1) Did Section 217 of the Revenue Act of 1921 show the domestic income of
the average American to be taxable?

2) Has the scope of that section significantly changed between 1921 and the
current Section 861 and following?

3) If you answered "yes" to #2, please point out where and when it changed.

> Mr. Bell has undone the 861 position
> with his own words.

While I suspect you misquoted him (since I've seen you misquote both of us
repeatedly), what Mr. Bell said does not change the LAW. (I think even you
would agree with that.)

> And all the minutia you throw up on the
> Internet cannot undo this simple fact:
> Mr. Bell and your versions of the 861
> position are based on the regulations
> saying something contrary to what the
> statute says...

Thank you for that incorrect "fact," but the regulations do NOT contradict
the statutes. I just gave you CITATIONS (which you ignored) which help show
why the current regulations are absolutely correct about which domestic
income is taxable, and which foreign income is taxable.

> But as I said, if any judge ever finds
> that there is even a scintilla of merit
> to the 861 position I am sure it will
> be news and if he finds that you are
> right I am positive it would be front
> page news in every newspaper in the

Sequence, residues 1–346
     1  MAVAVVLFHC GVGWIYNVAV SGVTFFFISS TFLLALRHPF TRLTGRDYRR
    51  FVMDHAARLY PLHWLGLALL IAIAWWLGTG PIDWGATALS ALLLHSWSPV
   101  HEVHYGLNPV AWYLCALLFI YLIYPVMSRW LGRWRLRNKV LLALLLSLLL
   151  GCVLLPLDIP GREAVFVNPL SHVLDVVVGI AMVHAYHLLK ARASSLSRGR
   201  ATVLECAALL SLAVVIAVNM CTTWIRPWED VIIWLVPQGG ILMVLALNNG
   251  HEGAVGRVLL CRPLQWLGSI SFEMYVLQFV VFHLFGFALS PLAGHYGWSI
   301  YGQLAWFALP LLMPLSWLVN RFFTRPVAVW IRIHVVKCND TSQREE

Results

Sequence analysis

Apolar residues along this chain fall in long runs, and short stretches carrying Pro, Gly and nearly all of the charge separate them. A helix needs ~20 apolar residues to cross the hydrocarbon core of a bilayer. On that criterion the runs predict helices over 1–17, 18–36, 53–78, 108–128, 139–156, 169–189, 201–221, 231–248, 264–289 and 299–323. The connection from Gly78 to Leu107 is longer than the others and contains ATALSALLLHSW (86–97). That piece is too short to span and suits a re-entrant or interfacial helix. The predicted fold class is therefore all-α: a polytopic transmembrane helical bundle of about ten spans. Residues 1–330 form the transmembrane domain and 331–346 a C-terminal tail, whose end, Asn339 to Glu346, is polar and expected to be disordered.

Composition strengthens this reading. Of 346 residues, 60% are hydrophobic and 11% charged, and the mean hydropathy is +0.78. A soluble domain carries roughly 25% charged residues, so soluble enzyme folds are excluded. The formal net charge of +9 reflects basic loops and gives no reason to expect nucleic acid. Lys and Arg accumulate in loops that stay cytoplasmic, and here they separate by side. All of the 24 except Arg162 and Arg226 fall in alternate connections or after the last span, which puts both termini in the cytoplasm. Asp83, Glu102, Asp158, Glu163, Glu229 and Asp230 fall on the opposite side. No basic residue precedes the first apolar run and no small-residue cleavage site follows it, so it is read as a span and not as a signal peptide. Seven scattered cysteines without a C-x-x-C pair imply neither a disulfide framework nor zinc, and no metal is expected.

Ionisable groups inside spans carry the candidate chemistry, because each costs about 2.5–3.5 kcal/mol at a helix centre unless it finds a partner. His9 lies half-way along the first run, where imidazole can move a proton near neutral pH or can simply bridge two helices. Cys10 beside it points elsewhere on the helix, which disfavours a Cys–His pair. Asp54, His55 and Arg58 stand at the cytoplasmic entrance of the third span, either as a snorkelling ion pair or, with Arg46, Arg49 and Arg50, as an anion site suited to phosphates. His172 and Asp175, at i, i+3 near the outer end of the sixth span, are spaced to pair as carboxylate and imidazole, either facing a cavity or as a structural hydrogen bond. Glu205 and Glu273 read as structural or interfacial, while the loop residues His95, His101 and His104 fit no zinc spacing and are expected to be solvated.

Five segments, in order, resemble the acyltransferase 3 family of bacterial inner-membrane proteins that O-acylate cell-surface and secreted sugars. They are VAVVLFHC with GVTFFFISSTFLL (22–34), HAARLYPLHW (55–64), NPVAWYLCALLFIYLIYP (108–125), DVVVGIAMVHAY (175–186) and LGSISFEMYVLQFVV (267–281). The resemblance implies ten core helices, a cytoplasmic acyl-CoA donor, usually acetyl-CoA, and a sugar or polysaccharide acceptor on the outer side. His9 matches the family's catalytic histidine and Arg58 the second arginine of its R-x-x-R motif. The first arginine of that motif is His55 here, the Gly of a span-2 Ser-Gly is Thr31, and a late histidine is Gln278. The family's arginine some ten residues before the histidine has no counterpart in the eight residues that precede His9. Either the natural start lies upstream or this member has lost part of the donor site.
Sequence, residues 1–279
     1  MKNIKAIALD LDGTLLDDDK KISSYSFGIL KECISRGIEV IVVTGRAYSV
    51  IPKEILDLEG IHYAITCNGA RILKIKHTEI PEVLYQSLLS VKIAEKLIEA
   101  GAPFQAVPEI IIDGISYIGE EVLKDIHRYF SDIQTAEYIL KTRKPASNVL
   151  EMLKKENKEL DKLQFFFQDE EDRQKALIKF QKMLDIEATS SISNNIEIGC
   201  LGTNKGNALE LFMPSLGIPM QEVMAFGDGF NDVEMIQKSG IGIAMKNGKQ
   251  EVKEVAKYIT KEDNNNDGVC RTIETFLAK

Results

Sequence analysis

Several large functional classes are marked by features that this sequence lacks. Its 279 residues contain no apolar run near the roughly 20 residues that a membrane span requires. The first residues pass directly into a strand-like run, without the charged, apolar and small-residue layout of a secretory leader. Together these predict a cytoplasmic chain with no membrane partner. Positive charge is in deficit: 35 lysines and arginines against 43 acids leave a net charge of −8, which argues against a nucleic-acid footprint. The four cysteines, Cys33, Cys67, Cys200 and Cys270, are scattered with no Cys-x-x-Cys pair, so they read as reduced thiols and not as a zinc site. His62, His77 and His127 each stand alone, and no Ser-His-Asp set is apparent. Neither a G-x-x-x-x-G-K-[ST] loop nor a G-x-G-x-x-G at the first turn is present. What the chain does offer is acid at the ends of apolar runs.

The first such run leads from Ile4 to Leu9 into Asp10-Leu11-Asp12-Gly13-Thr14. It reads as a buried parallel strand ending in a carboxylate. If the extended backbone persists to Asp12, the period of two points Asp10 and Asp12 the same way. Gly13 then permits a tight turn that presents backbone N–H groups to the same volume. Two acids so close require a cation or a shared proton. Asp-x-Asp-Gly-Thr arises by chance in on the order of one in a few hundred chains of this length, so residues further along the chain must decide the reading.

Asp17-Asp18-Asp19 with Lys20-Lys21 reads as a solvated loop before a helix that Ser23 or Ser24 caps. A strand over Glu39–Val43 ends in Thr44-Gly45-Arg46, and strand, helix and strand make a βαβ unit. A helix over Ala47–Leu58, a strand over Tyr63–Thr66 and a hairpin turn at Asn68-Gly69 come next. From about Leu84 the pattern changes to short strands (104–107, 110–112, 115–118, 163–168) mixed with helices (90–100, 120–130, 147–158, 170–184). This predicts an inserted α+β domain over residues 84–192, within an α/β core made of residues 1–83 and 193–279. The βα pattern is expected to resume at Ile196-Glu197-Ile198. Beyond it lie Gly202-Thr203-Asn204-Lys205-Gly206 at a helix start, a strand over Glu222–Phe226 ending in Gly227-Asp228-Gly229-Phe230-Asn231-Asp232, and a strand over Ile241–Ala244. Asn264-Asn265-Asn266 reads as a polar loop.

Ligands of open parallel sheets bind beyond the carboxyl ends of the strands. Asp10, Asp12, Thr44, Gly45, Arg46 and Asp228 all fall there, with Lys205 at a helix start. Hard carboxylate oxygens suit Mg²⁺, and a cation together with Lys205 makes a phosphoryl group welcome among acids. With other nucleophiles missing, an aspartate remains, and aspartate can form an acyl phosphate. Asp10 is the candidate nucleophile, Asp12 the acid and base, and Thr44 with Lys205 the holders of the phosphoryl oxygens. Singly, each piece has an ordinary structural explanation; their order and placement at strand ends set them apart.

> country. And if that ever happens I will
> report it without fear or favor, just as
> I have all along.

Remember you said that. I will. (You seem to suffer from a logical disorder
that most lawyers suffer from: the idea that what the law itself SAYS means
nothing until it is blessed by someone with a robe and a gavel.)

> Meanwhile, ad hominem attacks reflect
> poorly on your character.

You are not a "reporter," as your above comments prove. You dismiss THE LAW
ITSELF as "irrelevant minutia," and cite COMMENTARY about the law as "fact."
If my pointing that out is an "ad hominem" attack, then so be it.

> The fact is that yet another judge has
> found that the 861 position is nonsense
> and to anyone who actually understands
> how law works that is no surprise.

Thank you. I feel enlightened now. If not for you, I never would have known
that 80 YEARS OF STATUTORY AND REGULATORY HISTORY is "irrelevant minutia";
what the LAW ITSELF says does not matter; what some judge asserts does. I